A good example is in the issue of agent licenses or the right of an individual to be a players’ licensed agent. A football agent is responsible for arranging a professional club, negotiating financial/personal terms of a contract and all other legal matters for his client. As such agents are pivotal to the success of their clients whose interest they also vigorously market for personal profit and financial gain. Because the FIFA rules stipulate that football contract between players and clubs require the services of agents make them indispensably influential. The members of the federation on the other hand, make the decisions governing the game in the country including national team player selection, their salaries/wages, and all matters relating to their welfare. The importance of the complementary roles played by both football licensed agents and football federation officials cannot be overemphasized. It is therefore constitutes a conflict of interest to play both roles. However, it is on record that many individuals on the board of the federation and within the sports ministry are licensed players agents and managers. The situation is further complicated by the fact that agents and or managers are entitled to as much as 30 % of the player’s wagers/salaries. Furthermore, players are required to have 75 % national team appearances on other play for and qualify a work permit in the lucrative European football league. Hence these agents/managers who double as federation officials or employees “work hard” for their “employers” to be on the national team rooster. This sad occurrence is believed in some quarters to be behind the below par performance of the national teams in some tournaments due to poor selection.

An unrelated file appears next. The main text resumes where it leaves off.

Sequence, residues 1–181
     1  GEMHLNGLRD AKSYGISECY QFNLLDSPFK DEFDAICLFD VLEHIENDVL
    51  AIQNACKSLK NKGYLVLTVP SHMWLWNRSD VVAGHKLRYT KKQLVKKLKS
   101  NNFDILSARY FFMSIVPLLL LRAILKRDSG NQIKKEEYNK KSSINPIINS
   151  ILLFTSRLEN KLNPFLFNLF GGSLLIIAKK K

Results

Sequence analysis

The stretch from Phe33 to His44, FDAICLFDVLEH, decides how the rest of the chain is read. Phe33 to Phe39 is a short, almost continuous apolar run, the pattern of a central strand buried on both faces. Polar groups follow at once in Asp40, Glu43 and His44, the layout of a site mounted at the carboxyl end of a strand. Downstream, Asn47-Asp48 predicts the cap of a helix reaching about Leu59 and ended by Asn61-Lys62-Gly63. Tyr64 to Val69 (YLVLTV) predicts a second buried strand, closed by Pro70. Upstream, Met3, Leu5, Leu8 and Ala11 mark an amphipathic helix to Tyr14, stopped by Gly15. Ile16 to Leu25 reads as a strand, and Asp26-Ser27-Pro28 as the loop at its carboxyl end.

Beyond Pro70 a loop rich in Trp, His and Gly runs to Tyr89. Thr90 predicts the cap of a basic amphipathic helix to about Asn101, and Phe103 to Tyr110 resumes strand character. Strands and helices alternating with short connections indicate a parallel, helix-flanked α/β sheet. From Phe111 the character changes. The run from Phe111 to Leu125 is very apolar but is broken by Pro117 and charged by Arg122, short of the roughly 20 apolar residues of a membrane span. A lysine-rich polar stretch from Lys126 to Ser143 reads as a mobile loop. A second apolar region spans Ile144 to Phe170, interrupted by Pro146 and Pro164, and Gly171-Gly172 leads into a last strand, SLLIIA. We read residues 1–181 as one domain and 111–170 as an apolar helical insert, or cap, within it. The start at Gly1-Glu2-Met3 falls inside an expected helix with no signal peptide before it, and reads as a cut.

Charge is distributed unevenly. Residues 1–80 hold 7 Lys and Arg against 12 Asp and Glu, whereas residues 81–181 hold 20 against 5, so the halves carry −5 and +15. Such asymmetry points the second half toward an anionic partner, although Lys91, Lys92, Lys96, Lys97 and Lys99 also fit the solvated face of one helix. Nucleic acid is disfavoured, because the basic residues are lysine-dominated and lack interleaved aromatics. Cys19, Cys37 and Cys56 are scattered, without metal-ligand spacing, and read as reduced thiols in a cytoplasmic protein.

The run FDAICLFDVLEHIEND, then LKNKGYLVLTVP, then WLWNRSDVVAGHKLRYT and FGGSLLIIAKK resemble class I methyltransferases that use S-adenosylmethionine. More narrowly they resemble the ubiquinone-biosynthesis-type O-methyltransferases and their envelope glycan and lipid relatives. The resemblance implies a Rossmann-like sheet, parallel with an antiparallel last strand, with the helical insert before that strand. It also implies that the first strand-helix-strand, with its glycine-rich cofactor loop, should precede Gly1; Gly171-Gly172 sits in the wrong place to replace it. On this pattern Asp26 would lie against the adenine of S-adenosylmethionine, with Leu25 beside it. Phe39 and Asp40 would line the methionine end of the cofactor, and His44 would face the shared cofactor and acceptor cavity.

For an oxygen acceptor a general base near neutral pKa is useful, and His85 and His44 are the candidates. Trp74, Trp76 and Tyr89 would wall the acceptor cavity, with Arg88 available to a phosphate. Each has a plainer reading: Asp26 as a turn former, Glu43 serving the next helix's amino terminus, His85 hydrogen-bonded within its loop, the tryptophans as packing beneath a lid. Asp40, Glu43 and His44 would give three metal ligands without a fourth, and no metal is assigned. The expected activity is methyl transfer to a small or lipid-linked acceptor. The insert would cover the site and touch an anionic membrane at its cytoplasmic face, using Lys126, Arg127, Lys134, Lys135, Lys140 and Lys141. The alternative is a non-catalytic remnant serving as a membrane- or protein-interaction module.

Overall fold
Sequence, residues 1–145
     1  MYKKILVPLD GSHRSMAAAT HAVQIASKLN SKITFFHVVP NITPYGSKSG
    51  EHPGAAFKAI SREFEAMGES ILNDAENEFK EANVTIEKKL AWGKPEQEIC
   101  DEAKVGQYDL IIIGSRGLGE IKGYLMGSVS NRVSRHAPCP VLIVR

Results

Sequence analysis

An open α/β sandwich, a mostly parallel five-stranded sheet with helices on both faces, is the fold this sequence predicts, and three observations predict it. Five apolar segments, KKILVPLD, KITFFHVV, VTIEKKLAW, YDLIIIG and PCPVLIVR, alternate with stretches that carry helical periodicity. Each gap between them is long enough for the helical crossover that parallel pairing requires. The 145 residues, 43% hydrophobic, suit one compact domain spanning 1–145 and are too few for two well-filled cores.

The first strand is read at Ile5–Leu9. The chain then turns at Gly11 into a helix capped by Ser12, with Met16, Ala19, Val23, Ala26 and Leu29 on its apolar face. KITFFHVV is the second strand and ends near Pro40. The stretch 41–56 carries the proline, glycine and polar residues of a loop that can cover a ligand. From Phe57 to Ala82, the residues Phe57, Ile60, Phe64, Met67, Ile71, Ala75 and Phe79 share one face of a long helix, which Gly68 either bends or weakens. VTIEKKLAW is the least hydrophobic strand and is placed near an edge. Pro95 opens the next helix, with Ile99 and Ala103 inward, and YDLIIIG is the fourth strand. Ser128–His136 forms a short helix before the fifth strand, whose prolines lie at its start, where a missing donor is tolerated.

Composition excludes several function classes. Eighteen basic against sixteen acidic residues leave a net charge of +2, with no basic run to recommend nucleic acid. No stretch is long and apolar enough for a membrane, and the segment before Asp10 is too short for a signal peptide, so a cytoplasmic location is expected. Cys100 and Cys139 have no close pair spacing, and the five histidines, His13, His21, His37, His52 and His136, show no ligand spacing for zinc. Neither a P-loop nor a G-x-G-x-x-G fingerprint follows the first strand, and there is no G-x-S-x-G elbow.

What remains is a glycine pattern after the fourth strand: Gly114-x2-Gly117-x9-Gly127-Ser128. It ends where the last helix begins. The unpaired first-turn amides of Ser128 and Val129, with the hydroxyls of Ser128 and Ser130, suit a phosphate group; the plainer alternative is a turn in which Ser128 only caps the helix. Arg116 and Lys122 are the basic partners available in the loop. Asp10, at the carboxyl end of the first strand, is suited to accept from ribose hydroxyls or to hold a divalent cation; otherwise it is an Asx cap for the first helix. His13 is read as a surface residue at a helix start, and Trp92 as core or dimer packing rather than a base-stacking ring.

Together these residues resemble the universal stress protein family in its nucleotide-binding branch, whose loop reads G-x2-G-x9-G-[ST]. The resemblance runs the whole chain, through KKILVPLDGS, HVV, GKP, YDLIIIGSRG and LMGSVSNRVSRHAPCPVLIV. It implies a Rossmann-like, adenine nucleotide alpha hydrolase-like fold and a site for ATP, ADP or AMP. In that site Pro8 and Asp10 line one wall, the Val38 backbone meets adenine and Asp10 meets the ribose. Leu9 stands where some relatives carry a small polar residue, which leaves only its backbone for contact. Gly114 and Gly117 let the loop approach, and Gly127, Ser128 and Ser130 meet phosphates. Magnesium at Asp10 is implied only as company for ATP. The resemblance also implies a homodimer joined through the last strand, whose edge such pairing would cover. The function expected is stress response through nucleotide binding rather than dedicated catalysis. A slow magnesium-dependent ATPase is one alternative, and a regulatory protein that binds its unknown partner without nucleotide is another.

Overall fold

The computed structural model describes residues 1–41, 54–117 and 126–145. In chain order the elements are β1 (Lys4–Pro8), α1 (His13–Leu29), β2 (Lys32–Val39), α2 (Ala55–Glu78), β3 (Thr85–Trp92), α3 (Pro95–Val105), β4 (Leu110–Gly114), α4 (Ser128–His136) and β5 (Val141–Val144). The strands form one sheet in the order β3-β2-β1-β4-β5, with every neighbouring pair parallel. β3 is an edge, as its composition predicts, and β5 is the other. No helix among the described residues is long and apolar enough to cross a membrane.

The decay has also eaten deep into the once glorious Nigeria Football League (NFL); which many now sadly believe is a sham in many proportions. Once upon a time the “local league” (as it is now ashamedly depicted) used to be the source of proud national team players before its relegation to the doldrums of football history. These were the glory days of the Nigerian football league; when the likes of Segun Odegbami, Dimeji Lawal, Stephen Chukwu et all ruled and reigned supreme. But as they say, that is all in the past now. The now resplendent rot in the football league can be blamed on many factors such as corruption, maladministration and the general inability of the Nigeria people to take action. These factors have ensured that the football league, governed by the supposedly independent Nigeria Football League board, is a mere shadow of its 80’s glory days. The league is poorly run with no clear cut schedules and plans. The football clubs and their administrators simply bribe and collude with match officials and referees to vita bag points during the season. Little wonder the points difference between top and bottom table teams is often unimaginably low compared to other more competitive and well run leagues worldwide. The fans can be left out of football league demise in Nigeria. The fans have further fanned the flames of football’s failure in the country by bullying and intimidating their own team players, visiting teams, their travelling fans and match officials who for fear of their lives gift home teams with faulty calls and league points. There was even a case where the fans of a home team refused to allow a foreign TV company broadcast a league game on national TV citing frivolous reasons for this anomaly. This has led to establishment and enthronement of the excessive unwritten statute and slogan “the home always wins”. The coaches often under pressure from club chairmen aid corrupt practices within the team and the league alike. Coaches and other club officials alleged demand bribes and “off the record incentives” from players and their agents to be signed or “recommended” to national team selectors. Some coaches have also assumed the role of coaches; arranging overseas trials and contracts for players from their clubs. Others with so called “influence” often include only their “clients” or their associates in the national teams. Sadly, when issues like this arise, the football federation simply dismisses them as false and unfounded. In other cases the federation simply sweeps them under the carpet without proper investigation. On the other hand players who are the victims are often blacklisted or simply frustrated out of the game by their coaches and club officials.
To be continued!